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What is “Hardware for Good?”

In the past, the output and scalability of game-changing hardware innovations has been restricted by the high level of capital and resources required to develop physical goods. With the recent rise of developments such as 3D printing, computer aided design (CAD) software, and makerspaces, the cost of prototyping and manufacturing hardware products at low volume has plummeted, allowing at-home innovators to develop solutions faster, cheaper, and more conveniently than ever. As barriers to entry continue to drop, there is significant opportunity to leverage the “Hardware Revolution” for large-scale social benefit.

Hardware for Good encompasses everything from wearable technologies (think Fitbit and Google Glass) and assistive technologies to devices to improve agricultural productivity and smart home systems which improve energy efficiency and safety. As these hardware solutions continue to grow and develop, so too are the opportunities to harness them for social good.

The Challenge

The challenge for this category is to either: a) describe plans to develop an innovative hardware technology, or b) design a technology-led solution that uses an existing hardware/product in a novel way. These solutions should solve a major societal need, have high potential for impact, and/or improve the lives of individuals, ideally at low-cost. Applications may focus on a wide range of areas, including: health, clean energy, assistive mobility, agriculture, education, responses to natural and manmade disasters, household and commercial robotics, and economic opportunities for low-income communities.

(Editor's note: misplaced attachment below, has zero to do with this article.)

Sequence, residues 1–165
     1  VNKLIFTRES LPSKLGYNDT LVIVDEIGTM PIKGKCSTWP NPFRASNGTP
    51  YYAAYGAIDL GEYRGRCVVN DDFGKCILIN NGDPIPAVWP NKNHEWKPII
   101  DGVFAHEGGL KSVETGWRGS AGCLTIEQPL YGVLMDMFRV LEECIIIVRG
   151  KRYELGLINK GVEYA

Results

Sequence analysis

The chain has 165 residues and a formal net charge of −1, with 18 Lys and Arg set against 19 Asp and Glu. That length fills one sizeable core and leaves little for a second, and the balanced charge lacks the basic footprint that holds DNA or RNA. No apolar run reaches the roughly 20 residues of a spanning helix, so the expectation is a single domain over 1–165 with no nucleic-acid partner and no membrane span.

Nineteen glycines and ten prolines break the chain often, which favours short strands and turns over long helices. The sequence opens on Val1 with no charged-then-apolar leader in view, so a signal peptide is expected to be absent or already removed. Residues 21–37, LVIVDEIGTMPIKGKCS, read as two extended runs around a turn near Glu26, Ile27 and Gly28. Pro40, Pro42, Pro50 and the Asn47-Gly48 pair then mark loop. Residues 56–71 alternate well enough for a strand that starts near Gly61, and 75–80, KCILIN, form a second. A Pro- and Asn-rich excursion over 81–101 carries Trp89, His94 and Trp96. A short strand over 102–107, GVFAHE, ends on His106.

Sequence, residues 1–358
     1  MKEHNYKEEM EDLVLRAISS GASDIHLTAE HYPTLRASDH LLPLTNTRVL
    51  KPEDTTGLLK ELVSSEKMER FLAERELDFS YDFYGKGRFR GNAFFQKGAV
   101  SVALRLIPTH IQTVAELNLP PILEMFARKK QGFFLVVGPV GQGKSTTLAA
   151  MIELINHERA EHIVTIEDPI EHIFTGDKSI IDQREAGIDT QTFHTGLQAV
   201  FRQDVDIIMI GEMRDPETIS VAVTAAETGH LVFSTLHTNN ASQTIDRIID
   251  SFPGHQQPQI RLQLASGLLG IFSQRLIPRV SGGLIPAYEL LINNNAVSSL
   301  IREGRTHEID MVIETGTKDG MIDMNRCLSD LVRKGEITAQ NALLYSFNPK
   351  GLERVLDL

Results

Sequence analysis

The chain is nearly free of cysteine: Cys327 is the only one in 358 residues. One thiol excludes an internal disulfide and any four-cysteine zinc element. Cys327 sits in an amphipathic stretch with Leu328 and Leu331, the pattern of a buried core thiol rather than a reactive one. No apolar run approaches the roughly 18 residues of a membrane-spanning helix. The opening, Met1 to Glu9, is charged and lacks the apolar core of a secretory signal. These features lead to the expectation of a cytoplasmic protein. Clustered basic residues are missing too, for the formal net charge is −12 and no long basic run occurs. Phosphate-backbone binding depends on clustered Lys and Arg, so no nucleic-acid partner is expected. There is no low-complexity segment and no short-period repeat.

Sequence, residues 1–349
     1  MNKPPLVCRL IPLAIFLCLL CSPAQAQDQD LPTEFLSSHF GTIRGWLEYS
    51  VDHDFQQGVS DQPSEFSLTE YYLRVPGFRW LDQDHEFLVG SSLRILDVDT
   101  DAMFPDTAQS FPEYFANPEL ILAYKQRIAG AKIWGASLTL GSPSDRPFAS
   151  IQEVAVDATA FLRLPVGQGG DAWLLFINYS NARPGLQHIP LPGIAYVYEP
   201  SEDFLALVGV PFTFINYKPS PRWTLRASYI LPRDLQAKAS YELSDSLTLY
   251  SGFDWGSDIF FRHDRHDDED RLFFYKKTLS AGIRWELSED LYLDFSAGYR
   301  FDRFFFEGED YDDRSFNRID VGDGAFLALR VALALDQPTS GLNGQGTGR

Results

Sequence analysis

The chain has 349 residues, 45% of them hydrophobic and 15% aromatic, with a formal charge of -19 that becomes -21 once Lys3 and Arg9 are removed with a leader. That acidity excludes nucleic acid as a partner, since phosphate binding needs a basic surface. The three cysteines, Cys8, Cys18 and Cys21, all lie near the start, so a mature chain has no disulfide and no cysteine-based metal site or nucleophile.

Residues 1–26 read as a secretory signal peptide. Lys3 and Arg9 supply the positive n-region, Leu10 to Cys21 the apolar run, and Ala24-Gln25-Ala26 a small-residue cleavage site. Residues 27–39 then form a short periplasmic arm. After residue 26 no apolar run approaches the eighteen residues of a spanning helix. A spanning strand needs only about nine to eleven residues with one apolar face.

Note: Big Ideas DOES NOT require teams to produce a physical object by the Final Round deadline. It does, however, require students to submit a blueprint, sketch, or model of the product in their Full Proposal submission.

Examples of innovative proposals that fit this category include (but are not limited to):

  • A physical medical innovation that promotes effective diagnosis or treatment.
  • Light installations that increase pedestrian interactions and foot traffic into urban spaces for safety purposes.
  • A smart home technology that measures water and/or energy levels to encourage more efficient usage.

Eligibility

Student teams applying to the “Hardware for Good” category must include at least one matriculated graduate or undergraduate student from an eligible campus, listed below. Matriculated students at other universities around the globe are encouraged to apply in collaboration with students from eligible campuses.

  • UC Berkeley
  • UC Davis
  • UC Irvine
  • UC Los Angeles
  • UC Merced
  • UC Riverside
  • UC San Diego
  • UC San Francisco
  • UC Santa Barbara
  • UC Santa Cruz
  • College of William and Mary
  • Duke University
  • Makerere University (Uganda)
  • Massachusetts Institute of Technology
  • Michigan State University
  • Texas A&M University

 

 

 

 

Multidisciplinary teams are strongly encouraged. For additional information about general contest rules, timing and how to apply, please refer to the Contest Application Requirements.

Past Winners

Hardware for Good is a new category for the 2016-2017 contest year. Past Big Ideas Winners from other categories whose projects would have fit in to this category include the following:

BCAPI (UC Berkeley)

BCAPI (UC Berkeley)

Low Cost Scientific Data Drones for Enhanced Melon Productivity and Security (UC Merced)

Low Cost Scientific Data Drones for Enhanced Melon Productivity and Security (UC Merced)

Responsive City Lights (UC Berkeley)

Responsive City Lights (UC Berkeley)

Sponsors


The Autodesk Foundation invests in the most impactful people and organizations using the power of design to create a better world. It is the first foundation to focus investment exclusively on the people and organizations using design for impact.